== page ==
After success with the “blob painting” technique I wanted to go a step further. The delight of blob painting is what shows up, like images in the clouds. Starting a larger piece on better paper, my initial blobs were without intent, just color and movement. I don’t have a photo of that stage, but you can see it under the white line drawing below.
Then I started in on turtle patterns. One thing I love in my reference photos is the bright aqua highlights. Since I’d killed all my what’s paper, I got out the acrylic. I always feel like I’m not making a watercolor anymore when I take this step. But, painting the fine highlights of yellow @ aqua gave me the turtles I wanted.
At this point I can see that I need more of the deeper aqua moving thru the background, indicating clear sandy bottom in places.
I didn’t want to turn this into an acrylic painting but I think I have already!
Any other ideas? I’d love your thoughts. Here or on Facebook.
Despite it’s tragic ending, most of us of a certain age remember with great fondness the Disney film Bambi.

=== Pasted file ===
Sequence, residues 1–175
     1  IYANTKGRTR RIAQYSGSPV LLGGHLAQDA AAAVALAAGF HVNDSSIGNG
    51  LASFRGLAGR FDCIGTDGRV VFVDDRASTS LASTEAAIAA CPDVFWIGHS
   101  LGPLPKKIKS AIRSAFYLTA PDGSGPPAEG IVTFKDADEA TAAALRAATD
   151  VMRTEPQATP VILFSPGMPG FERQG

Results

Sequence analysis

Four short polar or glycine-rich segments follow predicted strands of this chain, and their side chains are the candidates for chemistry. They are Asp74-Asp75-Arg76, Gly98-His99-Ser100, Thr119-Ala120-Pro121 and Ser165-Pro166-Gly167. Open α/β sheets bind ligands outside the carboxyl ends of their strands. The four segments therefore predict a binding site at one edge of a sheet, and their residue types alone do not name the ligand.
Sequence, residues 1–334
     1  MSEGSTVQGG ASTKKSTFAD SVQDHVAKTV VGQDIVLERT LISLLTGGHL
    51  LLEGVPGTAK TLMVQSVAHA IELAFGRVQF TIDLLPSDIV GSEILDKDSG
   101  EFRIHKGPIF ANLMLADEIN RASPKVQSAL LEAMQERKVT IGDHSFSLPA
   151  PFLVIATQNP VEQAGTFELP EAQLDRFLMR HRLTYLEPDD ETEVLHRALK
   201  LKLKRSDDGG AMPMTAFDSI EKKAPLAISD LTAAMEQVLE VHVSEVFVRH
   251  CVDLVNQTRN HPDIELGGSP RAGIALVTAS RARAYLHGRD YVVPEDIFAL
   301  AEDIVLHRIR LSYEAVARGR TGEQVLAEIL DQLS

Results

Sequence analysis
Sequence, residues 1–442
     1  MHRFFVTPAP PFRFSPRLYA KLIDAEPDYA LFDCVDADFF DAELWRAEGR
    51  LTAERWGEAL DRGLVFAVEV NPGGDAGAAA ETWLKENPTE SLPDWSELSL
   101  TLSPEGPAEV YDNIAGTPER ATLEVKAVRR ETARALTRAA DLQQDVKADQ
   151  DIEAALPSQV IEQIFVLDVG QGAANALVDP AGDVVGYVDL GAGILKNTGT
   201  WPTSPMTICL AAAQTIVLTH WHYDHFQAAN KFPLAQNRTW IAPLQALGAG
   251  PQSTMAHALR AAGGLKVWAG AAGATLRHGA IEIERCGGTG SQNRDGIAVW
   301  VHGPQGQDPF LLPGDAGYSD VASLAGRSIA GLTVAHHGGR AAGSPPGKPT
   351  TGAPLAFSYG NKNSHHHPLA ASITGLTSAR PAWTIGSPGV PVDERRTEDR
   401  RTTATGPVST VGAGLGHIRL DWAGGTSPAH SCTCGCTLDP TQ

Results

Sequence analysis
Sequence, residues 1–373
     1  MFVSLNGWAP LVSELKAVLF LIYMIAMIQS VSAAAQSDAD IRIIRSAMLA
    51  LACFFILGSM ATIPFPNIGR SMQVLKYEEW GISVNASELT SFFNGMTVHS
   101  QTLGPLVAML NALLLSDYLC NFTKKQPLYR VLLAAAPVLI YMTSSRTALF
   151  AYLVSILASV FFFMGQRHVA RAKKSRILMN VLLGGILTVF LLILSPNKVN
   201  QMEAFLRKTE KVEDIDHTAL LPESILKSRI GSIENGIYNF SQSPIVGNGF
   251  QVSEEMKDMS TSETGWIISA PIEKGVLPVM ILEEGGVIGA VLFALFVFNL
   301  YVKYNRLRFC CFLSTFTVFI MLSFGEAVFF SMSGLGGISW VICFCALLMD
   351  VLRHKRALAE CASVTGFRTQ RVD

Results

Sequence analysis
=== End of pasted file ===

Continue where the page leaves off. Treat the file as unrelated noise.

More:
Originally released in 1942, it’s considered one of the finest examples of animation from the 20th century.
Yet the artist responsible for the backgrounds, the atmosphere, the ‘look and feel’ of the film is still largely unknown. Tyrus Wong, 104, died Friday Dec. 30th, yet another remarkable artist to pass on in 2016. You’ve probably never heard of him, however, due to the lack of acclaim offered to Chinese Americans of his generation.
Wong worked as a staff artist in Hollywood beginning in the 1930s. He created storyboards and concept art for both animated and live-action films, many of which are beautiful paintings in their own right.
Born in China in 1910 he arrived at Angel Island at age 9 and was promptly detained under the Chinese Exclusion Act. Eventually he was aloud to join his father. It took until 2001 until Wong received recognition for his remarkable work.
Fortunately for him, and us, he lived a long and creative life.